In the world we live in today, most people’s lives are limited to the physical and mental sheaths of the soul, and when they get a glimpse of what is beyond these levels their consciousness often gets pulled back down into the mind/body illusion. Because the habit pattern of the mind is so strong, most people will make up a story or narrative about their awakening experience. One must be vigilant that we do not become identified with being a person who is awakened or enlightened, for this is the greatest delusion of all. As the Zen master Suzuki said “There are, strictly speaking, no enlightened people, there is only enlightened activity.”

Do not mistake understanding for realization
(realization is the actual awakened state). 
And do not mistake realization for liberation
(liberation is the awakened state that does not come and go).

 

    Your mind literally can’t imagine where the path leads. Limited mind will be your greatest obstacle. In fact your identification with the limited mind will be your only obstacle on the pathless path. Virtually everything in the world is pointing us in the opposite direction towards the level of language and conditioned thoughts that make up the so-called external world. We are conditioned to seek solutions outside of ourselves and as long as we are seeking we will remain within the labyrinth of mind and will never come to inner stillness. Yet when one awakens, one’s true nature is revealed to be the very essence of mind. The only difference is that awakened mind is unlimited, while egoic or personal mind is limited.

 

“To seek is to suffer. To seek nothing is bliss.”~ Bodhidharma

 

  Socrates is famous for saying “I know that I don’t know”, and that not-knowing is what made him the wisest man in Greece. He does not know and thus he has found the Way. The most important thing the lower mind can learn is its limitation with regard to the path. Realizing the mind’s limitation is not the same as realizing the truth, but it is the necessary first step. One must stop the futile, incessant activities that keep one seeking some knowledge, transcendent state or experience, or some “thing”. Truth is not found by answers or attainments on the level of mind, but within the unfathomable non-dual empty-fullness of the heart. It is realized when questioning ceases. You can’t “get” or acquire the truth, you only wake up to the truth through Samadhi, through the alchemy that dissolves the self when one single-pointedly, adamantly refuses to respond to illusions. It is through the negative path, the via negativa that we come to know the truth of what we are, by letting go of everything that we are not. Then it is realized directly that you always have been that ever-present awareness.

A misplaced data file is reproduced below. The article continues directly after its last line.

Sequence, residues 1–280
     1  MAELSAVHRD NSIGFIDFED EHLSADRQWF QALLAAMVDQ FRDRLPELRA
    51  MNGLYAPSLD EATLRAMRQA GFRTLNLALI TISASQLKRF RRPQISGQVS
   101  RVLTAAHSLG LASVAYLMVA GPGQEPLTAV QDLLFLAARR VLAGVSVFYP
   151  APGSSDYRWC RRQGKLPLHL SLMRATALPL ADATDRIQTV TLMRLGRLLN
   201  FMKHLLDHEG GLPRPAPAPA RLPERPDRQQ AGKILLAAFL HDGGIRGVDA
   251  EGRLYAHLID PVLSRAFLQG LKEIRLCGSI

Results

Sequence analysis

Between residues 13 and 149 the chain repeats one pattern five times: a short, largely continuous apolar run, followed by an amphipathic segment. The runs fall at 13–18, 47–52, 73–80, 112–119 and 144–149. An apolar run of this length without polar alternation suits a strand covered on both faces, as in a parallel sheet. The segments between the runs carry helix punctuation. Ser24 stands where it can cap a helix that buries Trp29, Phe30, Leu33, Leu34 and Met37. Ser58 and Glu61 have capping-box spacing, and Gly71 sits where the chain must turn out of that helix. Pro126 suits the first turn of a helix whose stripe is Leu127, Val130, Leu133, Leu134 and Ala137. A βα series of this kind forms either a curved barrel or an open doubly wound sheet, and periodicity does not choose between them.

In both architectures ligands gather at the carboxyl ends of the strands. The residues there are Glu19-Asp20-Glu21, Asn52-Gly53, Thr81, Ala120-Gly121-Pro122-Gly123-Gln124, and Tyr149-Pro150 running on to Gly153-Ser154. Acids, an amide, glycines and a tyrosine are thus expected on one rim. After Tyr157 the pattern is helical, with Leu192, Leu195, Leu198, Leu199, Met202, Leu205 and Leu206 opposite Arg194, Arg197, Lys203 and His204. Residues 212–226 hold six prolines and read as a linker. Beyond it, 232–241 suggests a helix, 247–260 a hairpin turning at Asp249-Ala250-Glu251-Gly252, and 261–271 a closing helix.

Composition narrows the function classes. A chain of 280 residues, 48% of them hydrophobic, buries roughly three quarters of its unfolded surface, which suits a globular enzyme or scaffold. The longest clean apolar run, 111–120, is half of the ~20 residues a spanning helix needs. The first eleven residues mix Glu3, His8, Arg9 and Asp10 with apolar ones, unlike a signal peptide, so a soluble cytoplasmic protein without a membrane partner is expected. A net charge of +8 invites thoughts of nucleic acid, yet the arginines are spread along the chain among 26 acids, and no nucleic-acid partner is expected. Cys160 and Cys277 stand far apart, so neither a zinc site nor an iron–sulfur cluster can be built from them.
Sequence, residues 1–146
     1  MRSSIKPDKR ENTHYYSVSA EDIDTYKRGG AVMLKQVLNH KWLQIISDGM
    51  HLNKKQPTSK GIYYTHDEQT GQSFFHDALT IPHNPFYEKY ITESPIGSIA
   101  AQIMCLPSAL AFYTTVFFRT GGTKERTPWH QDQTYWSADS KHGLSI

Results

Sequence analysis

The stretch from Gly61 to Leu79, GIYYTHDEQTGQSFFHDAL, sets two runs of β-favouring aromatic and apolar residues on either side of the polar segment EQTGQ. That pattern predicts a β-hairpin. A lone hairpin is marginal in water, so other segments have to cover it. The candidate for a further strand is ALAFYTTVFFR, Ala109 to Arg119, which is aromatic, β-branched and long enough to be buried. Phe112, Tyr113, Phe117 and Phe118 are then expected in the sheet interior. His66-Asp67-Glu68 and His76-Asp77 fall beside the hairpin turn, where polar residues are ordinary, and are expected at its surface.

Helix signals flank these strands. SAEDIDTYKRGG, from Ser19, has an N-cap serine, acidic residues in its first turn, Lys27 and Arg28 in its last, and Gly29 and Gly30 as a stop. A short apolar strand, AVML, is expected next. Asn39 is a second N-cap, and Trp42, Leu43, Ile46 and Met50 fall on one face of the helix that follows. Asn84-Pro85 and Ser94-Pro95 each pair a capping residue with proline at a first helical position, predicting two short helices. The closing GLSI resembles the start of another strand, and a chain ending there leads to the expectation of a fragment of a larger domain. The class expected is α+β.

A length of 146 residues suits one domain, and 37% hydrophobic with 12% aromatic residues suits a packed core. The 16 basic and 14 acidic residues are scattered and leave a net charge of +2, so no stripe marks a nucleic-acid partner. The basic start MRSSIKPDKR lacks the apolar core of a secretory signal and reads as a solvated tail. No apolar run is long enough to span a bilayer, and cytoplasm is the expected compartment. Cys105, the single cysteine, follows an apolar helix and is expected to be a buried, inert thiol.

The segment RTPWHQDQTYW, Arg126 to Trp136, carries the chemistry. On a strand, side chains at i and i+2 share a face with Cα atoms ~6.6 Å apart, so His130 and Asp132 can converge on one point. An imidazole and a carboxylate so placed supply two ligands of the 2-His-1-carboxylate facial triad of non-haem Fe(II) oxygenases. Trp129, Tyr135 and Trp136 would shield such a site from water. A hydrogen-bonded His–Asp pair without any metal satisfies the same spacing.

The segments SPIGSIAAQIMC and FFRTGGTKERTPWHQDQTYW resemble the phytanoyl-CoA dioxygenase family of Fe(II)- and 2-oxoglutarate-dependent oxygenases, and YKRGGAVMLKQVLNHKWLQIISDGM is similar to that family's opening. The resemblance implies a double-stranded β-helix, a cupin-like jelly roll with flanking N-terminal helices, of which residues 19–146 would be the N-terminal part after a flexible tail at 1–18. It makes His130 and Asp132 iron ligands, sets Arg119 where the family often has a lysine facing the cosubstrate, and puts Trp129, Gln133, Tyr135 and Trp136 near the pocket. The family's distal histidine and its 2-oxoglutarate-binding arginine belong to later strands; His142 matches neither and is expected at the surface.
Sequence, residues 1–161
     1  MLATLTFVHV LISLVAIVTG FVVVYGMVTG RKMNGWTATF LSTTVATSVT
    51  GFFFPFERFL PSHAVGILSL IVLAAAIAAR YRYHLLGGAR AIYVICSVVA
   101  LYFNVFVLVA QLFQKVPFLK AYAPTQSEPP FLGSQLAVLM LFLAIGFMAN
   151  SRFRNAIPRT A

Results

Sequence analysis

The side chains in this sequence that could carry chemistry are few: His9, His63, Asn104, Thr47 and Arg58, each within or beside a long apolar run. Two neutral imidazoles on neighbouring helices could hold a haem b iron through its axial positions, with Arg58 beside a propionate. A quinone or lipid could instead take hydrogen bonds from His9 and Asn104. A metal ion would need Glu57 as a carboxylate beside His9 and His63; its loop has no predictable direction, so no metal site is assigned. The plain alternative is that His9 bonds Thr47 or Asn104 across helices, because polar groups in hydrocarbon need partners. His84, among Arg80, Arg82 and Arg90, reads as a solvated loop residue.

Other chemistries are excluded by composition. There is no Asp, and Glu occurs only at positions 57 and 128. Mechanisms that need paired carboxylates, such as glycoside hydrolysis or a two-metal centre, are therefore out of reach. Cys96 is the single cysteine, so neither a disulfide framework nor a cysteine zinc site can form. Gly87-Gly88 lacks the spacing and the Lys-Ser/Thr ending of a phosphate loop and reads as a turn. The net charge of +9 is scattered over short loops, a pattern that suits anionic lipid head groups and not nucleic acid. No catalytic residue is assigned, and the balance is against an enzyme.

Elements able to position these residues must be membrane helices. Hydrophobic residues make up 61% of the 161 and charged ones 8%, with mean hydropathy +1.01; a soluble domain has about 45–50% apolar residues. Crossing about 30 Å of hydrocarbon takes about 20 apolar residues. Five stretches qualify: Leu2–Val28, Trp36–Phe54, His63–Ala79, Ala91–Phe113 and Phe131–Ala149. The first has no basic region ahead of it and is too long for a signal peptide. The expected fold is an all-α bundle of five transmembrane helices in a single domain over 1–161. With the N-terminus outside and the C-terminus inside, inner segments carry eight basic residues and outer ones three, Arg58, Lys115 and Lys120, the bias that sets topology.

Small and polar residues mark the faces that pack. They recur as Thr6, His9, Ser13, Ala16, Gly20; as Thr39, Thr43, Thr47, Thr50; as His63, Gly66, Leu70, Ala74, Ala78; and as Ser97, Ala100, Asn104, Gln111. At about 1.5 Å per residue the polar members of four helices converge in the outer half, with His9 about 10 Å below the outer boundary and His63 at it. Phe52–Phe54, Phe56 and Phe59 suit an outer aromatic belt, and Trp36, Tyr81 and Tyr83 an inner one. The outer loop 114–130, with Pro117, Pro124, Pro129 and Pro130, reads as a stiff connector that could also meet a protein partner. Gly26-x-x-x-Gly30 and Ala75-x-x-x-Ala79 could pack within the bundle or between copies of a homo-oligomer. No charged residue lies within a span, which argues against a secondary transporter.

The legendary teacher Bodhidharma is the founder and first patriarch of Chan Buddhism in China, which later became Zen in Japan. The story goes that Bodhidharma was summoned by the Emperor Wu, who wanted to question him because he heard that he was a great sage.

“Who are you, standing in front of me?” asked the Emperor.

“Don’t know,” said Bodhidharma.

  With this answer Bodhidharma cuts through all of the mind’s tricks and deceptions. It is not that Bodhidharma was an agnostic, believing in the unknowability of his true nature. Bodhidharma was awakened as primordial consciousness, but the limited mind is incapable of conveying it. Words do not convey the silent truth because words are noise. They do not convey stillness because they are movement. The words are a finger pointing toward the moon. Do not mistake the finger for the moon itself. It is not possible to point to primordial awareness .

How can you point to that which is everywhere and nowhere? Yet all spiritual teachings are an attempt to do so.

  From a relative perspective, the mind and senses are filtering and reducing the vibratory field so that we can have a human experience. This stepped-down projection is the simulation of the entire external world, which is mediated through a limited self. All energy and phenomena is spiraled into veils of illusion, the screen or barrier that must be transcended in order to awaken to the truth directly.  Even the apparent transcending of illusion is an illusion. Those who have realized their true nature have said that there only appears that there is a barrier between you and primordial consciousness, since actually everything is that consciousness. As long as the illusion of a limited self persists, one plays a game of hide and seek with awareness. Even though we may understand mentally that the entire self structure is illusory, we remain entangled in the illusion, still responding to preferences and conditioned constructs as craving and aversion arises. To penetrate to its depth takes great vigilance and one must want awakening more than the illusion, more than life itself.